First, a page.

Non-Hysterical Dialogue

“I’ve decided to stay out of those discussions, until I’m sure we can have a non-hysterical conversation.” 

A non-hysterical conversation ... When a friend casually uttered that phrase, I was immediately struck by its simple and profound wisdom. It’s increasingly difficult to have a good, old-fashioned conversation these days. Much more so, a debate.

I recall with fondness all the late-night theology scrums at Bible college. In a non-denominational school like Providence, my friends (and professors) represented a wide variety of theological views, and we enjoyed (a) spirited discussions and (b) the ability to go out for coffee the next day, because friendship and fellowship weren’t based on 100% theological congruence.

Conversations involving politics and/or religion have always been meme-worthy for their ability to devolve into polarized shout-downs. That was true when I was a kid, and it appears even more vociferous today, thanks to (anti)social media platforms that reduce meaningful dialogue to soundbites or less.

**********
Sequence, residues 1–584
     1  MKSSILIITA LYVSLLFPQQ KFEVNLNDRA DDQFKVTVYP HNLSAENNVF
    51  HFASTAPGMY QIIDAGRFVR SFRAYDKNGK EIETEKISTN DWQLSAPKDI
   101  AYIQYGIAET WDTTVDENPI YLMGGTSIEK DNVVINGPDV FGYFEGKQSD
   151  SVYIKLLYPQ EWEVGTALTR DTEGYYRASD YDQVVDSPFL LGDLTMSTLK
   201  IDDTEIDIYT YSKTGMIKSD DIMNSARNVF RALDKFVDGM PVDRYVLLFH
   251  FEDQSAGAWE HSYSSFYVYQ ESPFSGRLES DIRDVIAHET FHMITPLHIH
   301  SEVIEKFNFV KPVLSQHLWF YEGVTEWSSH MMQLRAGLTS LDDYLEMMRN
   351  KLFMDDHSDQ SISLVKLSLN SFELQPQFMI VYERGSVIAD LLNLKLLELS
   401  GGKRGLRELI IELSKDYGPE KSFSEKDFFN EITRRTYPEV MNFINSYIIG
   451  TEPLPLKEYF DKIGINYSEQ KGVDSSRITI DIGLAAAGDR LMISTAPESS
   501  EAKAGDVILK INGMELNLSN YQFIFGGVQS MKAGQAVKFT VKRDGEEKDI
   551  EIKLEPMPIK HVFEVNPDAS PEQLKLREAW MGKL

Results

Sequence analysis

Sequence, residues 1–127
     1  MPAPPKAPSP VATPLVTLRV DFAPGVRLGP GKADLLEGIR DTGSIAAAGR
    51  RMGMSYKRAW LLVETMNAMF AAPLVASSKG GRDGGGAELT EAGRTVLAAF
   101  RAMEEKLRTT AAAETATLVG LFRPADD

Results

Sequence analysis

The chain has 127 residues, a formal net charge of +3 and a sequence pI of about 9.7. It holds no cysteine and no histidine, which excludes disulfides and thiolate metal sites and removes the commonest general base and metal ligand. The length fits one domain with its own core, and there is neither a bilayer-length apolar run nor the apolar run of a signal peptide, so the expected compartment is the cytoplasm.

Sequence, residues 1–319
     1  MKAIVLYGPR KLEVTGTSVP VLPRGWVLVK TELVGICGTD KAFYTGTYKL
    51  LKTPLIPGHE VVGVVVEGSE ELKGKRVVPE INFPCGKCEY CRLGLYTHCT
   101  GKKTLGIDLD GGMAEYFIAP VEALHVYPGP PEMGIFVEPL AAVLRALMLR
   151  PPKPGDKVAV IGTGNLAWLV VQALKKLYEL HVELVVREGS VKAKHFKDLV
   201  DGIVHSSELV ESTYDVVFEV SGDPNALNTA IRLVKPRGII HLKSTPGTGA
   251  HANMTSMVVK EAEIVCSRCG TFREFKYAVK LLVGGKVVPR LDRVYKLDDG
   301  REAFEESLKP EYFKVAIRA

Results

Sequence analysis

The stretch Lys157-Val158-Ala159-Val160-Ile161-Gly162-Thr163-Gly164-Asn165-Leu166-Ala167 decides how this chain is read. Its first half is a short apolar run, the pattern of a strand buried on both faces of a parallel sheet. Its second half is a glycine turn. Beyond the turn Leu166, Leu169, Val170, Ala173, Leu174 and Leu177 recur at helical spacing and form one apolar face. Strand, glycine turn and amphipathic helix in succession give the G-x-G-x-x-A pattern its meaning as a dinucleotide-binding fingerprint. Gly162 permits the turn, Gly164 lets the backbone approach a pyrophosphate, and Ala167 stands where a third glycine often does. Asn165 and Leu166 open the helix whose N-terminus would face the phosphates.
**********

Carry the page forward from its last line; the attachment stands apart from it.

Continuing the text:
“Theology by zinger” is the predictable byproduct of a culture that prizes the ability to reduce complex ideas to a bumper sticker or tweet.

Casualties of the theological zinger approach include: nuance, context, comprehension, and friendship. We stop asking questions in order to understand, and focus instead on gathering ammunition for the ultimate zinger. Once zinger-ology corrupts the conversation,  you can’t even legitimately “agree to disagree.” 

Sigh ... We need a revolution of listening.

Conversation is an art form, as is respectful “help me understand” dialogue. Where the end goal isn’t gathering zinger ammo, but to understand and be understood.

“Agree to disagree” may still be the result, but in the context of healthy relationships, that’s still an improvement. And – dare I say – non-hysterical, zinger-free dialogue will look, sound, and feel a lot more Christ-like.

“But in your hearts revere Christ as Lord. Always be prepared to give an answer to everyone who asks you to give the reason for the hope that you have. But do this with gentleness and respect, keeping a clear conscience (1 Peter 3:15–16).”

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